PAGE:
Nabami night is the one, I would be earnestly looking forward, when all of us would go for our puja darshan. This was the only breather for me in those suffocating four days, when, I would be among them again and enjoy the festival, which is as much of mine as of theirs. We would roam around the town for Debi darshan with most of us eagerly looking for the "other" debi, the love of our life, how fabulous they look in their puja dresses, we would also keep an vigil so that we don’t get caught off guard by any of our teachers, and we would finally end our excursion by having an sumptuous meal in a restaurant (in those days we did not have cultures of eating at places every now and then and so we would look for this day to have a full meal outside, of our choice and most importantly sponsored by parents :D)

And when it was Eid for us, my day would start with praying Eid er Namaz at the nearby mosque in the morning, taking blessings from the elders and giving blessing to my younger sister too, a 100 rupee note,and then having delicious meals in friend's & neighbor's places. Somtime it also included various sports competition arranged by a local club. But amidst all these, I would still feel solitary, my celebration being incomplete and would be impatiently looking for the afternoon, when all my friends would visit our house. Then only, my Eid celebration would be in full swing. Without them, it would be just another day gone by.

Today, staying away from Kolkata I don't miss Durga Puja as much as I did then and I also don't miss Eid without my friends, for my very own circle has grown up with my wife, brother-in-law, nieces and likes. I have also realized friendship is not about meeting them day in day out, more importantly be there when they need. But the silent solitariness of those 4 days still scrape my inside, and the ineffable pain of missing those precious moments makes my heart tattered at times. My sacrosanct childhood questions my profane adulthood "Was I incomplete? And why was me different from my coevals"? Is it because the month long Puja'r chuti, the family vacation, the Rabindra Sangeet being played out at almost every Puja pandels, everything created an exuberance that wrapped the whole ambiance which Eid never did for me.Or is it because somewhere the thin underlying religious difference played its part, if I was to offer Anjali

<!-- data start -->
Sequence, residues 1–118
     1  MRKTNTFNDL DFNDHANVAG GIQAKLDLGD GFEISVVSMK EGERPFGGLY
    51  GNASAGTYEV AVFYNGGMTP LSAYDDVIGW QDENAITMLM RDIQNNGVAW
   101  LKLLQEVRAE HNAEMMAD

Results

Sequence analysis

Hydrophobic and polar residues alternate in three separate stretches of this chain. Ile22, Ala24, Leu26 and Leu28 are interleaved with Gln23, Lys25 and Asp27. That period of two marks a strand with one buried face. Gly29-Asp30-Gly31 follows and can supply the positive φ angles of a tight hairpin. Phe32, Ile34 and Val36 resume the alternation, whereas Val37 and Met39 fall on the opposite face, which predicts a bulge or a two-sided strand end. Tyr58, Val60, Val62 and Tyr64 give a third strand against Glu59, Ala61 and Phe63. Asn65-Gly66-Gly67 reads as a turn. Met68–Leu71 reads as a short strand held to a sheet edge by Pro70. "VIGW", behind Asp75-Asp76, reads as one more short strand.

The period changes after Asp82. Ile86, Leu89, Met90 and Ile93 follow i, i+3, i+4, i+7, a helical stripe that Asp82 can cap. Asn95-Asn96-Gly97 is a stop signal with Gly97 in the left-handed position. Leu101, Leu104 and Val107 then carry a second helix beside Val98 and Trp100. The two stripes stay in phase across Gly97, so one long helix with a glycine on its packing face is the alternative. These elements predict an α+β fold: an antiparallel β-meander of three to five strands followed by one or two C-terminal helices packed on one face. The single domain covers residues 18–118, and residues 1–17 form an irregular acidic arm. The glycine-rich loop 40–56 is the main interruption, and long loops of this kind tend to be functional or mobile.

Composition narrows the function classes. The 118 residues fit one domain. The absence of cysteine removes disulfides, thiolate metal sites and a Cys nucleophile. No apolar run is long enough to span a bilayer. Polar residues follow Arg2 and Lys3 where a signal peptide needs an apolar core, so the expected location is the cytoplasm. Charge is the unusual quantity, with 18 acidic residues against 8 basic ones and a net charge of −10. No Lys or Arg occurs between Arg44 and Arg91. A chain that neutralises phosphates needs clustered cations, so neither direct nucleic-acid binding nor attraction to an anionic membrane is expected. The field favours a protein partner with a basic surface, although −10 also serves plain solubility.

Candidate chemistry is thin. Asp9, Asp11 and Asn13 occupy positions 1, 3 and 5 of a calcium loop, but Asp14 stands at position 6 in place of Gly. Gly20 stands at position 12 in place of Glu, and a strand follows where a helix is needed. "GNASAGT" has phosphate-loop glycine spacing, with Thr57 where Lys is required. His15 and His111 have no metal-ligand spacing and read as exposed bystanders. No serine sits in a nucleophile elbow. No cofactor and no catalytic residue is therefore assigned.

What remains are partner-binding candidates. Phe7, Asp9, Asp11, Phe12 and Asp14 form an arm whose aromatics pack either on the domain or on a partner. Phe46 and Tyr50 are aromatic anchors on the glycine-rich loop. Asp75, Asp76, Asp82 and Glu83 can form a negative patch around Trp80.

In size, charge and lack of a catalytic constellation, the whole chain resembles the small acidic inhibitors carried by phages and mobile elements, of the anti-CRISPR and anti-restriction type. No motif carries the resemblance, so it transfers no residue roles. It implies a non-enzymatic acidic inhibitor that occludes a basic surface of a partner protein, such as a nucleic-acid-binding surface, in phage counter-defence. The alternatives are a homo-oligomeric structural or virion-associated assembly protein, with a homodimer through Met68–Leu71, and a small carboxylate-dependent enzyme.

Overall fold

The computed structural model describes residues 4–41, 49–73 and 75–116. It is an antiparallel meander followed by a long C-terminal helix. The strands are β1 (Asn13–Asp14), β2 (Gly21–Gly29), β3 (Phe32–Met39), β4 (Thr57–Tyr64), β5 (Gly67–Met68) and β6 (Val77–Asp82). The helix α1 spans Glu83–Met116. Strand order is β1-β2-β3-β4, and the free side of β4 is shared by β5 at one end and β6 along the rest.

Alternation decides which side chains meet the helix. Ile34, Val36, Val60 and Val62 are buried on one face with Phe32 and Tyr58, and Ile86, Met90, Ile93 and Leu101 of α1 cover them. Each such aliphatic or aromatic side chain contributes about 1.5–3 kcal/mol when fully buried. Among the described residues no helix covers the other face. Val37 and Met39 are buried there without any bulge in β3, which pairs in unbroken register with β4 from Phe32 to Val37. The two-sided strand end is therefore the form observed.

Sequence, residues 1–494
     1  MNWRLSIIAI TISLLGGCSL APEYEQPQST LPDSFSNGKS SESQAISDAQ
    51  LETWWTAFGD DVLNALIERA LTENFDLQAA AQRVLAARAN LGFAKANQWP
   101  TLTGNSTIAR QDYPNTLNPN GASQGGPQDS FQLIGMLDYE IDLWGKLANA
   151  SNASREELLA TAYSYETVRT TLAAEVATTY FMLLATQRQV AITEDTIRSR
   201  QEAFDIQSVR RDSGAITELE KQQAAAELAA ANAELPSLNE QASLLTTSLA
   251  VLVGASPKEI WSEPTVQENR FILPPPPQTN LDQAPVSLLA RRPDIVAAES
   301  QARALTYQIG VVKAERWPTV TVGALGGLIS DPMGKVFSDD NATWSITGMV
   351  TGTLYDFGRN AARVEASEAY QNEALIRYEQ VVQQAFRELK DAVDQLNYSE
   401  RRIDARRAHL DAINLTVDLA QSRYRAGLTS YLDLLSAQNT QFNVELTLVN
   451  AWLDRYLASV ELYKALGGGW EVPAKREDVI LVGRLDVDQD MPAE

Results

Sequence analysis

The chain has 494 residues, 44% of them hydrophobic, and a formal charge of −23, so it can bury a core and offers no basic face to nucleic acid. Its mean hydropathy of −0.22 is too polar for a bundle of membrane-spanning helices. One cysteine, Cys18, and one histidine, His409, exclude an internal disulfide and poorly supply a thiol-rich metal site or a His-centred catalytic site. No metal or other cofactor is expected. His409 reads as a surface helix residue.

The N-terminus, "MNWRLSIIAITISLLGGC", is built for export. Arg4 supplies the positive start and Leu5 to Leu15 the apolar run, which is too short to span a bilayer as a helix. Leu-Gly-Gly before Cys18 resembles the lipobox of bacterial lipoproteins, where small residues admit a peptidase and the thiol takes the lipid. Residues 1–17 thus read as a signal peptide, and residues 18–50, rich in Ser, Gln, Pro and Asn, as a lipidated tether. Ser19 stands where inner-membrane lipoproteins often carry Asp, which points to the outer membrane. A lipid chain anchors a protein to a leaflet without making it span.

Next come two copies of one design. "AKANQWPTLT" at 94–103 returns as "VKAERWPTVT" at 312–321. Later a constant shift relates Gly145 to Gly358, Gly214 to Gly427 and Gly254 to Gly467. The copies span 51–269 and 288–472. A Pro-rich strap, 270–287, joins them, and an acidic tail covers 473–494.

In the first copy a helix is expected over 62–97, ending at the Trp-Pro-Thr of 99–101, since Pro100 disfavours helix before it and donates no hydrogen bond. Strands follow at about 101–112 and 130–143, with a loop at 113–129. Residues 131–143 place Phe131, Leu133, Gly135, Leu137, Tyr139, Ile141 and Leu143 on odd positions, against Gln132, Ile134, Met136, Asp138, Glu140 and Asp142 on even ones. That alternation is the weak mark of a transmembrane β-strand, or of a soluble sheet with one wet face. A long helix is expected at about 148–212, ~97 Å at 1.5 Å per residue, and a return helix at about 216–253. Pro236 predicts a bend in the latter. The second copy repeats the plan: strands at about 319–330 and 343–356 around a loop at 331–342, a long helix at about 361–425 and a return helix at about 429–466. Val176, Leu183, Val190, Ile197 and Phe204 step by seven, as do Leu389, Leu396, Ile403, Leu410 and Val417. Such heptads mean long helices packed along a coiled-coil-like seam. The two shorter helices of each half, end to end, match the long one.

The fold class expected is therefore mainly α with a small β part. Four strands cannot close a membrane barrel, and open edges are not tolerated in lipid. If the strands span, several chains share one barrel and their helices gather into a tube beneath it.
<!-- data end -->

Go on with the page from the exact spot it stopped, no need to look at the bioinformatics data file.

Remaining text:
with them and if they were to pray Eid er namaz with me, religion would have reached the pinnacle of divinity. If i had Muslim friends, would the celebration be different? Whatever it may be, the aged me never had an answer to the question of that effervescent child and I will never have the answer...


  1. I loved the way you penned your thoughts so effortlessly, about a topic so sensitive that only someone who has really been through can write with such conviction. I know what you r talking about. I grew up in a colony where every thing was celebrated but still a demarcation remained. There was hesitation to rejoice in a 'muslim' festival. I remember I waited for eid for the sheerkorma n haleem n double ka meetha..I wish these barriers vanished.

  2. I know you for years, so expected you to write something like this... but the way you expressed your thoughts... feelings... really amazed me... staying away from our hometown, friends, family, festivals... see it makes us miss our place in the same way... even when we are from different communities, culture etc...